Last year’s opening-night slate ended up being a microcosm of the NBA season as a whole: The Celtics looked like underdogs who could still hang with the East’s best, the Warriors’ armor had lost some of its shine, the Rockets had a chance to upset the champs, the Cavs … started three dudes who weren’t on the team by the trade deadline. But while opening-day schedules can set the tone, Christmas Day gives us a look at who the league thinks will still be interesting two months in. (A hint: It’s LeBron. It’s always LeBron.)
The NBA gave us a first glimpse of the 2018-19 season on Wednesday by dropping its national TV schedule for opening week, Christmas Day, and Martin Luther King Jr. Day. This season’s opening night, which will take place on October 16, will again feature two marquee matchups on TNT: Sixers vs. Celtics, and Warriors vs. Thunder. (Rockets vs. Pelicans and Suns vs. Mavericks will be featured the next night on ESPN.) And the five-game slate on Christmas Day will be Bucks vs. Knicks, Thunder vs. Rockets, Sixers vs. Celtics, Lakers vs. Warriors, and Blazers vs. Jazz. MLK Day will have Pelicans vs. Grizzlies, Rockets vs. 76ers, and Warriors vs. Lakers. Here are three takeaways from the matchups:
The Christmas Gift LeBron Never Asks For
The Lakers will be in Oakland for Christmas, continuing the now four-year tradition of LeBron James facing the Warriors on a day when he’d probably much rather be at home with his kids. Golden State holds the advantage in the holiday series, 2-1, and will almost certainly match its postseason record vs. LeBron (3-1—kind of an unfortunate reminder for the Warriors) this go-round. Surprisingly, the Lakers won’t play on the first or second nights of the season, but will kick off the LeBron era on October 18 in Portland. James hasn’t been knocked off the opening-night schedule since his return to Cleveland in 2014. Facing the Blazers, whose first-round performance against the Pelicans was as solid as cereal that’s been sitting in milk for two hours, in an away game three days in is a very non-Hollywood start for Bron’s start in Hollywood.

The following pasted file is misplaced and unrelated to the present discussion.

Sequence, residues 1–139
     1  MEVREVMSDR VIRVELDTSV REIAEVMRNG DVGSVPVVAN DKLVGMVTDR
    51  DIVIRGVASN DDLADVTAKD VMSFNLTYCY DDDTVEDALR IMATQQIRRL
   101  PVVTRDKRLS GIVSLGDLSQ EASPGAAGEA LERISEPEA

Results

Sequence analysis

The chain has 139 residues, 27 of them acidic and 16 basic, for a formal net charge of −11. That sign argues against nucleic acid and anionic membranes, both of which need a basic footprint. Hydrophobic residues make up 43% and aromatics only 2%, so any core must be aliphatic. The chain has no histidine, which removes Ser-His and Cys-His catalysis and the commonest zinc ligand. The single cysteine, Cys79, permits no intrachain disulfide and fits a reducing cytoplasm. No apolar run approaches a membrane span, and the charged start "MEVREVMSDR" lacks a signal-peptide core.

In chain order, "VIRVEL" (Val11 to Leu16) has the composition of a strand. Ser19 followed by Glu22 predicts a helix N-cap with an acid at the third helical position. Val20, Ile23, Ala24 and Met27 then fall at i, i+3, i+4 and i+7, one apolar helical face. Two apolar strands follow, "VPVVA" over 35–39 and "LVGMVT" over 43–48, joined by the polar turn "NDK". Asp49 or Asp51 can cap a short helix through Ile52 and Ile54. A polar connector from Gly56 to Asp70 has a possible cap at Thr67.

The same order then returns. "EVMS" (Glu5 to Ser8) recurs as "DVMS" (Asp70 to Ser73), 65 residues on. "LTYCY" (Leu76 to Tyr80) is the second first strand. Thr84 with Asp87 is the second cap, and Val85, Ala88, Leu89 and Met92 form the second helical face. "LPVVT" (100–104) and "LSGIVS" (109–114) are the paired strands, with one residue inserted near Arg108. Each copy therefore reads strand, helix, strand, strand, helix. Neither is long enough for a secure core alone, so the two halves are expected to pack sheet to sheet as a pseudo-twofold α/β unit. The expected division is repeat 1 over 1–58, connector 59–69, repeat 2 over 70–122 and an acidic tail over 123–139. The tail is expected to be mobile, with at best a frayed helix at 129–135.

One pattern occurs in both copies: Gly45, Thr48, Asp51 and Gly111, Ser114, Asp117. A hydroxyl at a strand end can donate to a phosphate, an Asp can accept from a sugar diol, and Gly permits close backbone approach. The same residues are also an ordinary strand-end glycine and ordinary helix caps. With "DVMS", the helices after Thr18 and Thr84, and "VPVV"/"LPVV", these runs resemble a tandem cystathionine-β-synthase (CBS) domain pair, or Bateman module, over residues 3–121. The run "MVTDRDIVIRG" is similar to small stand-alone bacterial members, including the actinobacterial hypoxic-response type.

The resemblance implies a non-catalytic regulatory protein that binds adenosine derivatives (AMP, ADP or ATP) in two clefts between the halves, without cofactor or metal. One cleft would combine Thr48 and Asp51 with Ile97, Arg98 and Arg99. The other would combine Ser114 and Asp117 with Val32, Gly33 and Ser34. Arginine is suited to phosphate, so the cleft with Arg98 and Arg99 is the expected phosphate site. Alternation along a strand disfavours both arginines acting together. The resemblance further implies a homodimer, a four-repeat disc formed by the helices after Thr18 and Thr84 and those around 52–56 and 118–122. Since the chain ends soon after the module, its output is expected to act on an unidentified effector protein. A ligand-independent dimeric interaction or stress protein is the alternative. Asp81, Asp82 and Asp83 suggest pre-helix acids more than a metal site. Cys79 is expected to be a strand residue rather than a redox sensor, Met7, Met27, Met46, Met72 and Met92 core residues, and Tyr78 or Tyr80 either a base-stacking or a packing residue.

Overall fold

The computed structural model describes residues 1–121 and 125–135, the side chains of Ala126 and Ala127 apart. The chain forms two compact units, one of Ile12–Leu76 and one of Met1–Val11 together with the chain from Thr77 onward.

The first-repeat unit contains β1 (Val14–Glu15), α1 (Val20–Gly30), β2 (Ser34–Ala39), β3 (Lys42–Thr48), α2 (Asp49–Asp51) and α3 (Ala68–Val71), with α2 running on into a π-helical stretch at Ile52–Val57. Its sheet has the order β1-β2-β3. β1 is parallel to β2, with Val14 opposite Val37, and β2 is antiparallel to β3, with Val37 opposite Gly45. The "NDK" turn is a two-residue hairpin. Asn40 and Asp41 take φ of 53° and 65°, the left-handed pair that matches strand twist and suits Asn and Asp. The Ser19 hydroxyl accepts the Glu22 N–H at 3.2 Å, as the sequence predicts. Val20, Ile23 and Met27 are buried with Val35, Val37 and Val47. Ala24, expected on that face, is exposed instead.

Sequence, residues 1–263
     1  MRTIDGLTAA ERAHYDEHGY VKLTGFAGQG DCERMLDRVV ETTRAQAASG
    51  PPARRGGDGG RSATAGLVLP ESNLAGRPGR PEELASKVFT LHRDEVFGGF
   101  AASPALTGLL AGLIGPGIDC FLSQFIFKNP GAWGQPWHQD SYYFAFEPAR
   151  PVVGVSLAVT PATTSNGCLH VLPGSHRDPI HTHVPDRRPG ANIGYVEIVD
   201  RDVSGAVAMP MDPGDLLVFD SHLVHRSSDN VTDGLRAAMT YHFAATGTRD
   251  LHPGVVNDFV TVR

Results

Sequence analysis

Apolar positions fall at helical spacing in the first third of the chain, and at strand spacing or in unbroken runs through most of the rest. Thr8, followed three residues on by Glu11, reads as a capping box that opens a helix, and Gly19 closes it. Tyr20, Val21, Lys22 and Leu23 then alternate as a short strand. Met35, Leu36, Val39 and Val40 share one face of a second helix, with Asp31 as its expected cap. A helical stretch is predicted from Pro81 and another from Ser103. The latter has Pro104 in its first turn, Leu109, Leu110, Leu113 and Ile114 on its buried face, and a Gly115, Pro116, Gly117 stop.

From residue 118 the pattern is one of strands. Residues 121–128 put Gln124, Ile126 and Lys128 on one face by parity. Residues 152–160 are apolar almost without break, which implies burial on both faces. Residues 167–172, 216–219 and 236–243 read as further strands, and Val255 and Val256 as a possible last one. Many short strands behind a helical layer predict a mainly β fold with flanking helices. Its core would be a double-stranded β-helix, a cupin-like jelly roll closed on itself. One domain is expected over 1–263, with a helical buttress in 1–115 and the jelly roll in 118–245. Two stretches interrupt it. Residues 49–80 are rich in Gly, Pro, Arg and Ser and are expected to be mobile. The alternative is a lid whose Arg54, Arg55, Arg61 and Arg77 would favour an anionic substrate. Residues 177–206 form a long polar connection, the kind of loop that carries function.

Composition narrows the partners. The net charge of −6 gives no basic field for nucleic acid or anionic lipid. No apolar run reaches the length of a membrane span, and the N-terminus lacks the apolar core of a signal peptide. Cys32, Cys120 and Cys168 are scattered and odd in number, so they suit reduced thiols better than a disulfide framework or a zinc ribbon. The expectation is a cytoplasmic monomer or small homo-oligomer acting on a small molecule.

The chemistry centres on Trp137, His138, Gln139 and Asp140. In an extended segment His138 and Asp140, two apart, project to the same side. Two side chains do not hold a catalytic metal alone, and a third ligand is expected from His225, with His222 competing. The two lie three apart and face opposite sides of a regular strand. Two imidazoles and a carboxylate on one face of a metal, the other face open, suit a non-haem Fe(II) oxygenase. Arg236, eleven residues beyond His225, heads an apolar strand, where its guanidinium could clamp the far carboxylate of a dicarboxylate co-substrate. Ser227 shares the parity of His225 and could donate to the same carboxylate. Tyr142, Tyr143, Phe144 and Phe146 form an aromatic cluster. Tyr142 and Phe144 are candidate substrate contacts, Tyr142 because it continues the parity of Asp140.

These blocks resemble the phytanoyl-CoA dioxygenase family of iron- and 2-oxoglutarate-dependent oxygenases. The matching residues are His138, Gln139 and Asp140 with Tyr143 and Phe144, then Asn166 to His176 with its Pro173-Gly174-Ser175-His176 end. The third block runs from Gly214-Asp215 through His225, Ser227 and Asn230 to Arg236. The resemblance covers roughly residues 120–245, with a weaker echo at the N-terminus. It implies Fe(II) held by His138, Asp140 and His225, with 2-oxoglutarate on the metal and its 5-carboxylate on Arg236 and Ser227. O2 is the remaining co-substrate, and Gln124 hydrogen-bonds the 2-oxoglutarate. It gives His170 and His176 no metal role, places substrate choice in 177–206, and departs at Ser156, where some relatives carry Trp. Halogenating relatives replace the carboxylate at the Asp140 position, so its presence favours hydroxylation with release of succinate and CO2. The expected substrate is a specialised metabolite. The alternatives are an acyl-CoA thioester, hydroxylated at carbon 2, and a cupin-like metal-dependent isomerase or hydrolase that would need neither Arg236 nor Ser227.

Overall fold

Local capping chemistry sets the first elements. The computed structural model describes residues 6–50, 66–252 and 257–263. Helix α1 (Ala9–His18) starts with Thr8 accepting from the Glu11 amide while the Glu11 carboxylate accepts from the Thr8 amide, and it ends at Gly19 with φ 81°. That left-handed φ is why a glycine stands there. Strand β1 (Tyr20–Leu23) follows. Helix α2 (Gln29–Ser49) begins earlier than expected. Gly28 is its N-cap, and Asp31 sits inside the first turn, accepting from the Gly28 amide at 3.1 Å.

Throwing a Liter of Gas on a Former Flame
Scheduling Philadelphia vs. Boston for two of the most anticipated regular-season game nights is the league hooking an IV into one of its best former rivalries. (It was hard to keep that intensity going through five straight under-.500 finishes for Philly prior to 2017-18.) Opening night won’t be an exact rematch of last season’s second-round playoff series, though. Love Terry Rozier and [enter long wing here], but Kyrie Irving and Gordon Hayward should be fully recovered from their season-ending injuries, making it a more difficult matchup for Philadelphia—which was smothered in five games even with Irving and Hayward in street clothes.
Much like last year, opening night will be a litmus test for the top of the Eastern Conference. Both the Celtics and Sixers should challenge for pole position, but each enters the season with big questions. Boston will be tasked with reincorporating stars into the team that fell one game shy of the NBA Finals without them on the court. That could be a more difficult process than last year for Brad Stevens given Jaylen Brown’s unignorable growth, and with Jayson Tatum on the brink of a capital-b Breakout. Philly, meanwhile, will have to show progress on what handcuffed its offense in the playoffs—being limited in transition, and not finding, or taking, quality 3s—against the very Celtics defense that stymied it.
Taking the Thunder Seriously
Something feels off about suggesting this is the season Oklahoma City “makes the jump”—maybe because Russell Westbrook was crowned MVP two seasons ago, maybe because the team was supposed to have a “Big Three” last year. But with Paul George back, Carmelo Anthony gone, and Dennis Schröder in as Westbrook’s new backup, the Thunder may finally have the right mix to threaten the Western Conference hierarchy.
The reshuffled lineup’s potential likely won’t be realized by opening night against the Warriors. A potentially elite defense depends on Andre Roberson, who ruptured the patellar tendon in his left knee in January, being healthy (he is currently expected to participate in training camp); and the fiery personalities of Schröder and Westbrook might take some time to sync up. But the matchup against Houston on Christmas is far enough into the season that it may just give us a more accurate look at whether or not OKC can snatch the first-runner-up crown away from the Rockets, who lost enough valuable pieces to possibly lose their spot in line. (And Rockets, should you lose, there’s no re-gifting Carmelo.)